The first bay of the south façade contains three openings. The first floor opening is large double-hung wood one-over-one light window. Centered above the first floor window is a pair of wooden one-over-one light, double hung windows. The gable contains a three light rectangular wooden hopper window.
The eastern most section of the south façade is treated as a semi-hexagonal bay. One basement window is centered on the angled section. The first and second stories contain triple window sets. All windows are one-over-one light double-hung, with the center or angled section’s windows being wider than flanking windows. The roofline includes a shed wall dormer with a horizontal wood frame, hopper window with decorative glass. The window has three clear centerpieces with eighteen pieces of rose and gold stained glass surrounding them in a geometric pattern.
Like the front and south facades, the east façade reinforces the Queen Anne style through its disrupted façade. A two-story semi-circular bay projects the main wall plan off center forming an asymmetrical façade. The exterior is covered with white painted 4” clapboard siding on the flat wall planes, and overlapping white painted sawn shingles on the semi-circular bay. The areas to the side of the windows are covered with linear sections of sawn shingles. The basement contains two openings, one on the flat wall plane is covered with a decorative iron gate painted to match the colors of the brick, and the other is a window centered on the semi-circular bay.
All windows located in the east façade are on the semi-circular projecting section. The first floor section is consumed with a set of five one-over-one double-hung windows; there is an abbreviated set of three windows on the second story. Also visible on the east façade is the ornate side/north entrance porch. This porch, located to the right of the semi-circular bay, contains detailing identical to the west/front façade porch. The porch roof is steeply sloped with a diagonal ridge, which connects in the corner at the second story level.
The north façade of the Nathan C. Ricker House is divided into two bats in the north/south facing gable end, which dominates the façade. The exterior of the north façade is white painted, clapboard wood siding on the first and second stories, and overlapping white painted sawn wood shingles in the gable end. The foundation has two openings in line with the bays of the façade. The first bay has a single window opening covered with plywood; there is a pipe projecting from the opening. The second opening is a double wooden window.
The north façade’s two bays are identical. Each bay has one, double-hung, one over one light window aligned on the first and second stories. The gable has a pair of one-over-one light, wooden double-hung windows. These windows are a recent replacement. Other elements on the north façade include the porch off the dinning room to the left of the two bay gabled section, and the gabled basement entrance. The original bulkhead doors of the basement entrance were replaced with a small, low-pitched gable frame entrance at grade sometime after 1950. The alteration cuts across a portion of the left one-over-one, double-hung sash of the first story window pair. The modified basement entrance is built upon the original bulkhead’s low wall, which extends out from the foundation, and on which the former bulkhead doors were placed.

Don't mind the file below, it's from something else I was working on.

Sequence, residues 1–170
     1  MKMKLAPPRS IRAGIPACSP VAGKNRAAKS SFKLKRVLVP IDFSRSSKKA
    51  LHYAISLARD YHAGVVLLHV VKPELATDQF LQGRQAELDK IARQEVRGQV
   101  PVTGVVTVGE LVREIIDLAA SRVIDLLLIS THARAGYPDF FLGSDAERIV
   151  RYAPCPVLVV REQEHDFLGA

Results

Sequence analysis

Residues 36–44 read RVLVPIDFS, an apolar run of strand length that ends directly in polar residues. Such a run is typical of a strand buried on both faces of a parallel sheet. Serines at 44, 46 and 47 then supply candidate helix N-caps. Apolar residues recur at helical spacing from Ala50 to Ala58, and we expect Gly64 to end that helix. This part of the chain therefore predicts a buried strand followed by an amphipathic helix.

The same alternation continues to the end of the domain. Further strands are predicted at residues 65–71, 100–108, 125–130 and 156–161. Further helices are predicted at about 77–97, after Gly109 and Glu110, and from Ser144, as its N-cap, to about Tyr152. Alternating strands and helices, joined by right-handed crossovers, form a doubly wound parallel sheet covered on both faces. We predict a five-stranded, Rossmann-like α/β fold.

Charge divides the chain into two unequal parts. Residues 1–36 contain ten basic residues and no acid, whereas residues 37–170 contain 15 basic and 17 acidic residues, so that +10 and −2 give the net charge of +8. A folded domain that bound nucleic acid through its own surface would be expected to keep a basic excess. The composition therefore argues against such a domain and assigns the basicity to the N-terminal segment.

Other elements of the house include a continuous projecting cornice, which goes across all gables except the front/west facing pavilion, and continuous wood water table, which surrounds the entire exterior just above the brick foundation wall. There are also two rebuilt red brick chimneys.
A one and one-half story carriage barn was once located on the north end of the property. The garage entrance faced west towards Color Ave. The carriage barn was first documented in a 1909 Sanborn insurance map; when the house was also first documented. The carriage barn was razed by the City of Urbana in 1993.
The Ricker House has eleven rooms and a full basement and attic. The house is currently undergoing restoration, however, the interior details remain intact. The first floor features the house’s family spaces including the parlor and living room, which are dominated by richly trimmed windows and fireplaces. The dining room, kitchen and bathroom are also located on the first floor. The second floor includes the house’s four bedrooms, one bathroom and a trunk room. All the second story rooms have the same rich trimming as the first floor rooms, but are less formal. The master bedroom includes a fireplace along the west wall.